Disturbances have been widely studied and are recognized as a crucial determinant of an area’s species richness and diversity.
Along the Antarctic coast, icebergs regularly break away from glaciers and plunge into the nutrient-rich waters below. Carried by currents and wind, these icebergs then scrape along the bottom of the seafloor, wiping out the marine communities in their paths. These powerful events throw marine ecosystems into chaos, causing massive die-offs in the affected areas. Researchers recently dove into this hostile environment to record the stunning ecological transformations taking place. Their findings were published in Marine Environmental Research earlier this year.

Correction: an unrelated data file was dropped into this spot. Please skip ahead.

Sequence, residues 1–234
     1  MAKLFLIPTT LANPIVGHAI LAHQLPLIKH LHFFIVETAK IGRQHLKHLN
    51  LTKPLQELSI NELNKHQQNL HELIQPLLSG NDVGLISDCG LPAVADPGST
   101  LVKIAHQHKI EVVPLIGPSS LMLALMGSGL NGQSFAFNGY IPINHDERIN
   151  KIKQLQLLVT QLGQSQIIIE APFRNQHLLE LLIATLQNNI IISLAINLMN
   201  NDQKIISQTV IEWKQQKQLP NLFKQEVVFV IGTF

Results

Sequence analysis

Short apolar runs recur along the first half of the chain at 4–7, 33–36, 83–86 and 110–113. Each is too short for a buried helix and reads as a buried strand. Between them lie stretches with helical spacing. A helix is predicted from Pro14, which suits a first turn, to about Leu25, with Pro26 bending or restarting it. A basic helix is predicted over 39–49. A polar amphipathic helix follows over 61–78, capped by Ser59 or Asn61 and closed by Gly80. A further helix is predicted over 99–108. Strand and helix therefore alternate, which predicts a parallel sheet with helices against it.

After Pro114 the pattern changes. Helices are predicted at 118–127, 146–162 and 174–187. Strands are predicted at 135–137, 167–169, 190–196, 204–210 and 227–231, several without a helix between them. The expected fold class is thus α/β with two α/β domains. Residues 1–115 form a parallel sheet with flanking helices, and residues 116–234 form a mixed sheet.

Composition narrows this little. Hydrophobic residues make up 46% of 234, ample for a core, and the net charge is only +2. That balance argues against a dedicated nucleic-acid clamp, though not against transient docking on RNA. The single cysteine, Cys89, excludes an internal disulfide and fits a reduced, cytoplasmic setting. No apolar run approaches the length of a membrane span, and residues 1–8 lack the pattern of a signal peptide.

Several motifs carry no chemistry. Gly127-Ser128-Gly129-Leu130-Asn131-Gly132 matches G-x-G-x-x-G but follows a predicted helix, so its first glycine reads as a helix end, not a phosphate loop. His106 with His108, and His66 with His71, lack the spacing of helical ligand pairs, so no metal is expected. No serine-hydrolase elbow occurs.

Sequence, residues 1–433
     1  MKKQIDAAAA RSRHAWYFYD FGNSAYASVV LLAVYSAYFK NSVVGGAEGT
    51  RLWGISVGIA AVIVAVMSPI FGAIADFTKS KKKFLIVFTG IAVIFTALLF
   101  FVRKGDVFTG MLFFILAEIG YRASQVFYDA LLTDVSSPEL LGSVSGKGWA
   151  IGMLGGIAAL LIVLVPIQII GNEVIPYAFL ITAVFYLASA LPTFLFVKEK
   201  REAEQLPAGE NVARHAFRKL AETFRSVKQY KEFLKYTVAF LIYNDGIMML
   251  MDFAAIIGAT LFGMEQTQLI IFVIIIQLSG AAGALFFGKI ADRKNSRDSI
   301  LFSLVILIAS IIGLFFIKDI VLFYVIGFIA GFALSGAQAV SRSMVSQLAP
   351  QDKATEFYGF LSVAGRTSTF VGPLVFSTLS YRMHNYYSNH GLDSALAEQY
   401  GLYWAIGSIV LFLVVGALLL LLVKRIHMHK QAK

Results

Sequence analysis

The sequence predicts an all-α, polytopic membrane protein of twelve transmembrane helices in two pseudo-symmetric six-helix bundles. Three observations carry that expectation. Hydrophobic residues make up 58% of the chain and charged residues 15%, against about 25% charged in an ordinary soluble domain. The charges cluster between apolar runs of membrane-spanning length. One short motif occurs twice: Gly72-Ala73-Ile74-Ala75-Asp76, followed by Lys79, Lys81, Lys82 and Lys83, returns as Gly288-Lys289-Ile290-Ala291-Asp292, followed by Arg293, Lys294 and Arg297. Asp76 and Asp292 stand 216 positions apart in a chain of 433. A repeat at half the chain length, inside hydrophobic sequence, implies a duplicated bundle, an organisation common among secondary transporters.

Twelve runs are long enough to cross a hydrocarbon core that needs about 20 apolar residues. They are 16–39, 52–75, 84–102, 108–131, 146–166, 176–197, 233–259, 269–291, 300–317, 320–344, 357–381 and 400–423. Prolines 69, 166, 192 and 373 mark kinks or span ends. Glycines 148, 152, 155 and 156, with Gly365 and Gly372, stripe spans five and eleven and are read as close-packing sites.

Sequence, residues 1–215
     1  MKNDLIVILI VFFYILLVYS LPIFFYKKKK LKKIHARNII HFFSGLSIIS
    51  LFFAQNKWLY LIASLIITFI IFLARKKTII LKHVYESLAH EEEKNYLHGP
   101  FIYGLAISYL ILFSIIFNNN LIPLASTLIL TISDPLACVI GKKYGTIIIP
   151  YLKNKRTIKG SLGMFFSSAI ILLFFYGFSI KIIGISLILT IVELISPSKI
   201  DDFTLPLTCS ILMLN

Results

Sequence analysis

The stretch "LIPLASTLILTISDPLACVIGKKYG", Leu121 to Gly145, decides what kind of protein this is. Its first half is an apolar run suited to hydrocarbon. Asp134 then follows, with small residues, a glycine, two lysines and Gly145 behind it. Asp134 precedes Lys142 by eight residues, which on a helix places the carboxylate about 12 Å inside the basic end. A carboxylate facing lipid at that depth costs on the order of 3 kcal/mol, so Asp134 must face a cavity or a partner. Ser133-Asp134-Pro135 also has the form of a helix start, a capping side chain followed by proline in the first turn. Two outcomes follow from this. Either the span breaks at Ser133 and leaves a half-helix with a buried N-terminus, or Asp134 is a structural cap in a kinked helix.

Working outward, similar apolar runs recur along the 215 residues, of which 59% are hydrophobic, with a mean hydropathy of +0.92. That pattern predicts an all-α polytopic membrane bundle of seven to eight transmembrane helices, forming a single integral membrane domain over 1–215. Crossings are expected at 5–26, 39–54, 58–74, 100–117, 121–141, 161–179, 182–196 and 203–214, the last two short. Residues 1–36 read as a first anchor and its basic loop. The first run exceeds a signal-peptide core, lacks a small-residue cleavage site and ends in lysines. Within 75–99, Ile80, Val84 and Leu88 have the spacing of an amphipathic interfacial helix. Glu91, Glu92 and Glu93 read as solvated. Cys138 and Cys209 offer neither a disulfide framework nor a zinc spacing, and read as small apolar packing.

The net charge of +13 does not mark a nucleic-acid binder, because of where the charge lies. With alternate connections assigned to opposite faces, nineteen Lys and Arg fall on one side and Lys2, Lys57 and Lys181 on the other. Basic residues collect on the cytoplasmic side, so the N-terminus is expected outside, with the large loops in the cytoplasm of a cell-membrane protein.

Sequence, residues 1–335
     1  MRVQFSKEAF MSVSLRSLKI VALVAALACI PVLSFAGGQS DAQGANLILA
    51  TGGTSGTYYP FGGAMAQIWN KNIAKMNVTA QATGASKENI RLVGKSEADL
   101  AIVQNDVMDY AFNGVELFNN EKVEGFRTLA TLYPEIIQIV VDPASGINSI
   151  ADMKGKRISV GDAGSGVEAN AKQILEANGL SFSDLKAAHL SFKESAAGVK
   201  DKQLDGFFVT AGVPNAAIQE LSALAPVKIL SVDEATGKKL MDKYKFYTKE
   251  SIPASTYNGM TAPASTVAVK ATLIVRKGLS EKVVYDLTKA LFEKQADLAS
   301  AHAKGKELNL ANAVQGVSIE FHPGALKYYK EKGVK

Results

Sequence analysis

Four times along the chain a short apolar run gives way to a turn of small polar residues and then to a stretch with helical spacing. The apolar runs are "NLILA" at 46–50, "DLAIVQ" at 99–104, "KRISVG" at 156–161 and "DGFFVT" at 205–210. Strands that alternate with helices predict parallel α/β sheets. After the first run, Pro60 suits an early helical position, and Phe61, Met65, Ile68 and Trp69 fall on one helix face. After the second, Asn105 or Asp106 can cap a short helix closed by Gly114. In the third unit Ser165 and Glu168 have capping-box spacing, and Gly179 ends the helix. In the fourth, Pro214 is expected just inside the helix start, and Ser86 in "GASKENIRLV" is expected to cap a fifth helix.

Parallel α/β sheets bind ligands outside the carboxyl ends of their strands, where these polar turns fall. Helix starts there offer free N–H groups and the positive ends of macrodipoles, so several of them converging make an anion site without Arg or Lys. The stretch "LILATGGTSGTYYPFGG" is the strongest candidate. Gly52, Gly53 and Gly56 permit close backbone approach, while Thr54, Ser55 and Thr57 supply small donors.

The study examined the shallows adjacent to the western Antarctic Peninsula, an area highly disturbed by ice scouring — when icebergs break off from glaciers and gouge the seafloor. It presents the connections between these ecosystem disturbances and the structure of assemblages—the groups of organisms which live in the surrounding community.
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